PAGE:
Antenuptial contracts (ANC)

A marriage out of community of property is achieved by drawing up an ANC. The ANC will be the most important contract that a married couple will sign in their lifetime. Entered into before marriage, the purpose of the contract is to change some or all of the automatic financial consequences of marriage.

The ANC allows the husband and wife to tailor-make their very own matrimonial property regime. They can include any provisions they like in their ANC, as long as the provisions are not against the law, good morals or the nature of marriage. ANC’s are problematic to change as they dictate the financial and proprietary consequences of the couple’s future and can affect the rights of the couple’s creditors.

Couples may enter into one of two types of ANC:

an ANC that excludes community of property, community of profit and loss, and the accrual system; or
an ANC that excludes community of property and community of profit and loss, but includes the accrual system.

The ‘accrual’ is the extent to which the husband and wife have become richer by the end of the marriage, in other words, the amount by which the spouses’ joint wealth has increased over the period of the marriage. When married according to the accrual system, each spouse acquires a certain right to the other’s property on divorce. Neither system is superior to the other. The marital property regime chosen (i.e. with or without accrual) must suit the couple’s relationship dynamic and specific needs. Note that the ANC is a normal contract, so all the rules as to fraud, duress and mistake apply.

The consequences of divorce when married out of community of property without the accrual after 1 November 1984

In a marriage out of community of property without the accrual contracted after 1 November 1984, there can be no claim for a transfer of assets. The argument is that there are now three matrimonial property regimes to choose from, and if the parties willingly decided to marry out of community of property and without the accrual system, one of the parties cannot later request a redistribution of assets. In such a regime, upon divorce, each party will retain their separate estates, i.e. what they had upon marriage and including all growth to the separate estate that occurred during the marriage, minus any losses that may have been sustained. For example, if the husband came into the marriage with R10 000, he would leave with R10 000 + profits ˗ losses.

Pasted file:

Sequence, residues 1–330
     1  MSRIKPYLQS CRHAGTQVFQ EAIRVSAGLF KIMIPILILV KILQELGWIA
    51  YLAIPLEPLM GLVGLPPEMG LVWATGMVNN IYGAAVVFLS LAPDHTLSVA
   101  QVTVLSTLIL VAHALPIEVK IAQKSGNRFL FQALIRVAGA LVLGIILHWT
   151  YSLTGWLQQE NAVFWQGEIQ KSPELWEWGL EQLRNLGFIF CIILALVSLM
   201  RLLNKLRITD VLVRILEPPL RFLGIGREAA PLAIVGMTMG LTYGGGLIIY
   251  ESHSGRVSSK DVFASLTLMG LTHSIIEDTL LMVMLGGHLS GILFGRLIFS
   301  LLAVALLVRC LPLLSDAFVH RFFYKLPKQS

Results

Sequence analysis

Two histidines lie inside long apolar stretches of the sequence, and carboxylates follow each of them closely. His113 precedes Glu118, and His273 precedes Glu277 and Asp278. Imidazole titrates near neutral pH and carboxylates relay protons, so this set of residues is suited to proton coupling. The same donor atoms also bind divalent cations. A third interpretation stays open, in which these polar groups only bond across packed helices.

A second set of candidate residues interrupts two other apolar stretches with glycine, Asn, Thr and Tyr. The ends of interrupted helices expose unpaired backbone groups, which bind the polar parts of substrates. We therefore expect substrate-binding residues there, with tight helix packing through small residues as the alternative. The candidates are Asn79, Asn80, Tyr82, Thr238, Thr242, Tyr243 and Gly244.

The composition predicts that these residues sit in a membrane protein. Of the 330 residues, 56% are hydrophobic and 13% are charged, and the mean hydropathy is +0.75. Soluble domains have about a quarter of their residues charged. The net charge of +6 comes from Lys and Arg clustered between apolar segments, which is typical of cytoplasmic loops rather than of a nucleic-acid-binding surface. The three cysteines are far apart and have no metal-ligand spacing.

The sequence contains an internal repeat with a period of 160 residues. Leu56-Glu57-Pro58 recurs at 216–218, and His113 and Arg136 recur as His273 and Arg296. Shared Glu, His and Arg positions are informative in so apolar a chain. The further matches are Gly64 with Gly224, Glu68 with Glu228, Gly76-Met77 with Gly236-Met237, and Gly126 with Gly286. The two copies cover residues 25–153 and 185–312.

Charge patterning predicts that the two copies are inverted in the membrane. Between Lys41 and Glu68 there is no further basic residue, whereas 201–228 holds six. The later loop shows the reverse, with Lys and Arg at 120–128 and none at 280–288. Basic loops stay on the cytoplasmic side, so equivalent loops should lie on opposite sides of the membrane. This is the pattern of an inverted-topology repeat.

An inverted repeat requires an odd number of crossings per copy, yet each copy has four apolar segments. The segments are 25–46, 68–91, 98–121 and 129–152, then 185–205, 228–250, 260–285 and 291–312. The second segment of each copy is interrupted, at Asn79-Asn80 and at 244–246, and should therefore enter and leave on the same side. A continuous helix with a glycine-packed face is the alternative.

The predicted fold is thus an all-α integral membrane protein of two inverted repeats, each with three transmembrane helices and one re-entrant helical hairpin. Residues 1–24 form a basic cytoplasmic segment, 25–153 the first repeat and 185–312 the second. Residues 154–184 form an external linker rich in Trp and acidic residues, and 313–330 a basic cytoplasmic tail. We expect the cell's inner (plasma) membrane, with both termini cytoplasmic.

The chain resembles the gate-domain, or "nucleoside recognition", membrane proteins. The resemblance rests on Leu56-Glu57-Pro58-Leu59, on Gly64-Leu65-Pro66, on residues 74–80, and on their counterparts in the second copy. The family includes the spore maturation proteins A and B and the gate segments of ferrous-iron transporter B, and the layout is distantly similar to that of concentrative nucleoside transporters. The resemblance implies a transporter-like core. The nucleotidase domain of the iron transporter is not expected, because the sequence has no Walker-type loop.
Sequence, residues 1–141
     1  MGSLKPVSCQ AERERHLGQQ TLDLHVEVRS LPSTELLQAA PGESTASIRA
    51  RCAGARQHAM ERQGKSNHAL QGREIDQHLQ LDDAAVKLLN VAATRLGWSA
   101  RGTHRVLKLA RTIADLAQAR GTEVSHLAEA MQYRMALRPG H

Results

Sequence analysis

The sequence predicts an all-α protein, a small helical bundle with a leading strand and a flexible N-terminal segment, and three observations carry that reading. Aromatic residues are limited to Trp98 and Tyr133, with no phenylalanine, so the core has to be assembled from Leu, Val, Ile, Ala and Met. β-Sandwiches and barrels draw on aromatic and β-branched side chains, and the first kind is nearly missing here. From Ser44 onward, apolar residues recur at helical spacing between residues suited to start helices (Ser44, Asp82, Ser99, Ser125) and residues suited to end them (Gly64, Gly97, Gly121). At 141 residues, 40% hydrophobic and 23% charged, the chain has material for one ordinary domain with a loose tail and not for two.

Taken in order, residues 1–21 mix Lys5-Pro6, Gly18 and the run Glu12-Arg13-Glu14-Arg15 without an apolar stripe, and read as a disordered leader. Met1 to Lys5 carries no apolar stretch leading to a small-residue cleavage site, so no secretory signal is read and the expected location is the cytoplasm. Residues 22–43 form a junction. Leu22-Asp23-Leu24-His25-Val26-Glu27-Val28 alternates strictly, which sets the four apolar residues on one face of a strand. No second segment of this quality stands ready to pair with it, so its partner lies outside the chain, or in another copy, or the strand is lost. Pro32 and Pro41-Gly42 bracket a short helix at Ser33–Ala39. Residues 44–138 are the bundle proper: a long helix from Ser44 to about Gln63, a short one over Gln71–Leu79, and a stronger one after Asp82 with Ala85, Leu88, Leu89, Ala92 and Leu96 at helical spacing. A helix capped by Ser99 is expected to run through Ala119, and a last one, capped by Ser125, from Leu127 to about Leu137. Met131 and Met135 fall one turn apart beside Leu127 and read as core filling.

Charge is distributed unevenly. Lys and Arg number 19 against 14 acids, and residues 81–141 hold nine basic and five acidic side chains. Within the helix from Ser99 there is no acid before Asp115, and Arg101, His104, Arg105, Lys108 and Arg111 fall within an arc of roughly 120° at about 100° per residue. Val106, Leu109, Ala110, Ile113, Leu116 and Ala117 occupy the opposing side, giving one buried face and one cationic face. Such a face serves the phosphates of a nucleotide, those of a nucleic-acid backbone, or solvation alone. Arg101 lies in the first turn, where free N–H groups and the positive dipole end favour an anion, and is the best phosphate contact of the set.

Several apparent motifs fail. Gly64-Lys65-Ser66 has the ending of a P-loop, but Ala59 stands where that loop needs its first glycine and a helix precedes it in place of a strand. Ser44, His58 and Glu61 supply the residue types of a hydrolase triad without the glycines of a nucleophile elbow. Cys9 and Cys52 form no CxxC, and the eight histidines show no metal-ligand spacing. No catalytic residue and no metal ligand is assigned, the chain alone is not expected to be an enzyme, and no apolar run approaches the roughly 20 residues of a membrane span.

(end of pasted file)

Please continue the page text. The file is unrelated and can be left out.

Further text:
A spouse who contributed to the other spouse’s estate, whether in cash or otherwise, will have a difficult time proving that he/she is entitled to anything from their ex’s estate on divorce as contributions play no role if the parties are married without the accrual. If, for example, the wife stays home to raise the children and does not contribute financially towards the marriage and the other spouse works and accumulates assets, the wife may find herself with nothing and no claim to her husband’s assets.

Advantages of marriage out of community of property without the accrual

Each spouse keeps his/her own assets and is free to deal with his/her own estate as he/she likes.
Spouses are generally not liable for each other’s debts. Thus, if one spouse becomes insolvent, creditors cannot touch the assets of the other spouse.
The financially stronger spouse does not have to share his/her estate with the weaker spouse. This is subject to judicial discretion and forfeiture of benefits.

Disadvantages of marriage out of community of property without the accrual

The economically weaker spouse, traditionally the woman, does not get to share in the estate of the stronger spouse, even though she may have indirectly contributed to the estate by running the household and looking after the children. This is subject to judicial discretion and forfeiture of benefits.
An ANC has to be entered into in order to marry out of community of property. This costs money, and the parties must pay the fees of a notary and costs of registration.

Marriages out of community of property with the accrual

After 1984, anyone entering into an ANC that excludes community of property and community of profit and loss is automatically married under the accrual system. Spouses may, however, exclude the accrual system in their ANC, but if they do not do so expressly, the accrual applies. When the accrual is included, a spouse will be entitled to share in the growth of the two estates at divorce.

This is surely the most appropriate and ideal way to marry. All the assets that each party owns prior to the marriage can either be excluded or included in the accrual. If no assets are excluded in the ANC, the value of each party’s estate at the commencement of the marriage is deemed to be nil.

The consequences of divorce when married out of community of property with the accrual

Accrual is a way to ensure that both spouses in a marriage gain a fair share of the estate once the marriage comes to an end. The accrual system does not apply automatically to all marriages out of community of property. For the accrual system to apply, the ANC must be drafted in a certain way. The accrual system incorporates a calculation that is applied when the marriage is dissolved by divorce. The spouses will share the assets during the course of their marriage based on a particular calculation when the marriage is terminated.